American Council on Education and 16 other higher education associations including NASPA, September 25, 2018
These comments sent to the House of Representatives urges the House to pass the spending bill which includes increases to the maximum Pell Grant award, TRIO and GEAR Up, Public Service Loan Forgiveness (PSLF), and Perkins Career and Technical Education grants. Comments also express certain reservations with the legislation, such as the reduction to Pell Grant funding over time.
By Diana Ali, policy analyst, September 27, 2018
NASPA’s Student ARC explores how creating programs for emergency aid funding as one important way that institutions can connect students with immediate services they need and help them stay on the path to degree completion. The emergency aid conversation fits into a larger, complex policy conversation around meeting the needs of low-income students. This post by NASPA policy analyst, Diana Ali, provides a peek into the federal policy landscape unto where federal and institutional policies meet regarding low-income students.
By Patricia Hurtado and Janet Lorin, Bloomberg, September 26, 2018
Yale has indicated that it too, in addition to Harvard is under scrutiny by the Department of Justice (DOJ) in regards to enrollment discrimination against Asian-American applicants. This probe comes three weeks before the Harvard defends its civil lawsuit, accused of discrimination through the use of a personal rating system of Asian American candidates. Yale President Peter Salovey has responded that, “Yale College could fill its entire entering class several times over with applicants who reach the 99th percentile in standardized testing and who have perfect high school grade point averages. We take into consideration a multitude of factors, including their academic achievement, interests, demonstrated leadership, background, success in taking maximum advantage of their secondary school and community resources, and the likelihood that they will contribute to the Yale community and the world.”
By Fara A. Cohen, The Legal Intelligencer, September 27, 2018
From a legal perspective Fara Cohen, Griesing Law Associate, considers that regardless of upcoming changes to Title IX guidelines, definitions of what constitutes harassment, abuse, or violence vary by jurisdiction so institutions must learn how laws are applied at a state-level. Cohen pays close attention to the impact recent media attention may have on college sports, sports-related scandals, and the importance for institutions to implement prevention programs for athletes, coaches, students, and faculty.
By Patricia Zengerle, Reuters, September 28, 2018
Congress made it too costly for President Trump to risk vetoing the fiscal year 2019 spending bill that came to his desk last Thursday, which led to him signing it on Friday, increasing funds to the Department of Education (ED) and averting the threat of a federal government shutdown until December. Congress has not passed full-year appropriations for every department, but the massive spending bill included a continuing resolution, keeping temporary funding in flow until at least December 7. President Trump had originally threatened a government shutdown should funding for the US-Mexico border wall not be included in the legislation, but decided against this after the measure passed both the House and the Senate.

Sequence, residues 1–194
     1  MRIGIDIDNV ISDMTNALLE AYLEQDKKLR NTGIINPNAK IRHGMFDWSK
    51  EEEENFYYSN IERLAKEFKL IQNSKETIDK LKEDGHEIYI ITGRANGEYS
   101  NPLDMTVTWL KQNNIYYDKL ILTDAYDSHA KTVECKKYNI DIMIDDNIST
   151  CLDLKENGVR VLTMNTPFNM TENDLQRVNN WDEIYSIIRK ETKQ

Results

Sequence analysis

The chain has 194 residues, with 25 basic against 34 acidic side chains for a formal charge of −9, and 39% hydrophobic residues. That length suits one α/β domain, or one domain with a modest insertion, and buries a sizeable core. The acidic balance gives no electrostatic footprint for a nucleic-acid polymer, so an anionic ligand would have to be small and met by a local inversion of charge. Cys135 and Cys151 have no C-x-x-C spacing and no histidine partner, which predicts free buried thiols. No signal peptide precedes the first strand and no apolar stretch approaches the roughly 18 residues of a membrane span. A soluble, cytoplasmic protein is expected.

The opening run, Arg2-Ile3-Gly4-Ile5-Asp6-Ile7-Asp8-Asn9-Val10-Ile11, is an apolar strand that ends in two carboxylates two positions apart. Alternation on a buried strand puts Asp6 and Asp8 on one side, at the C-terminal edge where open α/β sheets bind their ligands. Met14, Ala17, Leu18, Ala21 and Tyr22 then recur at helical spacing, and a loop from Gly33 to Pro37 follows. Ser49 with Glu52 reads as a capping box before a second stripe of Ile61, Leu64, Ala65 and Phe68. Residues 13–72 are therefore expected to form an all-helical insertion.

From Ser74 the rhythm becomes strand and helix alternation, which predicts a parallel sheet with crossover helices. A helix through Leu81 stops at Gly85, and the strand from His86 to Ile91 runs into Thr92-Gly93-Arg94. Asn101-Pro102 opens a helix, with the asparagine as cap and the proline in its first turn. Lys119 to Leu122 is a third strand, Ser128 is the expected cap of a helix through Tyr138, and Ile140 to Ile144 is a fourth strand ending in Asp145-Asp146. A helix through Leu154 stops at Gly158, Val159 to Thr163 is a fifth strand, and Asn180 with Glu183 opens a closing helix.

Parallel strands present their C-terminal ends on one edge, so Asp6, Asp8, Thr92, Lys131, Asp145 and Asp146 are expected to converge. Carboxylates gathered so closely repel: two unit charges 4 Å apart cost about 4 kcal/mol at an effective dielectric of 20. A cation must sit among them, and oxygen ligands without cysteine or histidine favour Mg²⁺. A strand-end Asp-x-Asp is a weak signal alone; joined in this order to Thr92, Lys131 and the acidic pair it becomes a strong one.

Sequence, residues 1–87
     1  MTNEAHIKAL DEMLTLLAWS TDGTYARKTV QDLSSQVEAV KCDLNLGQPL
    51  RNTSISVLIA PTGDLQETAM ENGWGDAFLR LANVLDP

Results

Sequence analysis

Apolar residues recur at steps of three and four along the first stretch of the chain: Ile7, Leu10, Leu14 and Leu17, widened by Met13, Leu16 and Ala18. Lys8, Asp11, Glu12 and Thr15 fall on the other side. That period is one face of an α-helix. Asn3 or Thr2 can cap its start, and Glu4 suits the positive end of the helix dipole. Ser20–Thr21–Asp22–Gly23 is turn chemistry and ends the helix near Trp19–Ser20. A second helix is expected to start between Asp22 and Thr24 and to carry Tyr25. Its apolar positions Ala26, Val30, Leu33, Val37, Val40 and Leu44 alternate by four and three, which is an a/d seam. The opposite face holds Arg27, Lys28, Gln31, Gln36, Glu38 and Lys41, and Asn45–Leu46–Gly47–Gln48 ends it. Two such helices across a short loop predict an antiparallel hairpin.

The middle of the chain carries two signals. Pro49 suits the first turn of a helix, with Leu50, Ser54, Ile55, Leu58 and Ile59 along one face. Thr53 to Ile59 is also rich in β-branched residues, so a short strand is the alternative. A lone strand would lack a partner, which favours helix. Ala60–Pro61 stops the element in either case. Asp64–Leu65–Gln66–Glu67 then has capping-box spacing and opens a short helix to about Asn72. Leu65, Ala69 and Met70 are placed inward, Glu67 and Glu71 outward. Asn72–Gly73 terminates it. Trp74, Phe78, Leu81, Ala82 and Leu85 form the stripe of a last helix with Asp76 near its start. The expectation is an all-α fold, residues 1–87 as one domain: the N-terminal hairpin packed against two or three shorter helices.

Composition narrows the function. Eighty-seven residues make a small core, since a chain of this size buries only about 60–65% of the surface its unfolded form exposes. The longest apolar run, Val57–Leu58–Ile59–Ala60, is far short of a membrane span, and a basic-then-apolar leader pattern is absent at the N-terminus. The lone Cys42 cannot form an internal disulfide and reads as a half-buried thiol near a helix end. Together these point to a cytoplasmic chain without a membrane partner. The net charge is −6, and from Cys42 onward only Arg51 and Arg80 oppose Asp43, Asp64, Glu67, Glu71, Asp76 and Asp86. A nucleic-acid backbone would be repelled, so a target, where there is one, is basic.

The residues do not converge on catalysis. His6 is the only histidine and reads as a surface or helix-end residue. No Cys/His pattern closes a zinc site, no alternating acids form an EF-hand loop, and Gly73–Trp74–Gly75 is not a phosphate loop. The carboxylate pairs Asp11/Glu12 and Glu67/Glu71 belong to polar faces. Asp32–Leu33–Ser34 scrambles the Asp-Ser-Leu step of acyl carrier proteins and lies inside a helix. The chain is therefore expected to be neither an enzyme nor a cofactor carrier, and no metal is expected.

By Paul Fain, Inside Higher Ed, October 1, 2018
Two years ago the Department of Education (ED) discredited the Accrediting Council for Independent Colleges and Universities (ACICS) for their lax oversight and failure to meet accrediting compliance standards. The decision had a substantial impact on the many institutions accredited under ACICS who now had 18 months to find a new accreditor and retain their federal aid eligibility. The Trump administration initially backed the agency’s termination, but then reversed this decision after finding that the Obama administration had failed to consider all relevant evidence in the termination process. ED then gave ACICS a year to come into full compliance, and the Department has now determined that the accrediting agency has made major improvements.
**Check for updates in the coming months. Most states return to session in January 2019**
-Primary Sponsor: Rep. Kay Granger (R-TX) (Introduced 06/20/2018)
-Latest Action: 09/27/2018 Presented to President Trump, and signed on 9/28/2018
Last week, the House passed a compromised combined “minibus” bill for Departments of Defense, Labor, Health, and Human Services. The agreement proceeded forward to President Trump’s desk and was signed on September 28. The bill includes a continuing resolution which extends temporary funding for any agency facing a funding lapse until December 7.
**Want to submit comments of your own? Check out NASPA’s Q&A on submitting public comments**
-A Notice by the State Department on 09/25/2018
Summary: This public notice provides information on how to apply for the DV-2020 Program and is issued pursuant to the Immigration and Nationality Act. The Department of State annually administers the statutorily-mandated Diversity Immigrant Visa Program. Section 203(c) of the Immigration and Nationality Act (INA) provides for a class of immigrants known as “diversity immigrants,” from countries with historically low rates of immigration to the United States. For fiscal year 2020, 50,000 diversity visas (DVs) will be available. There is no cost to register for the DV Program.
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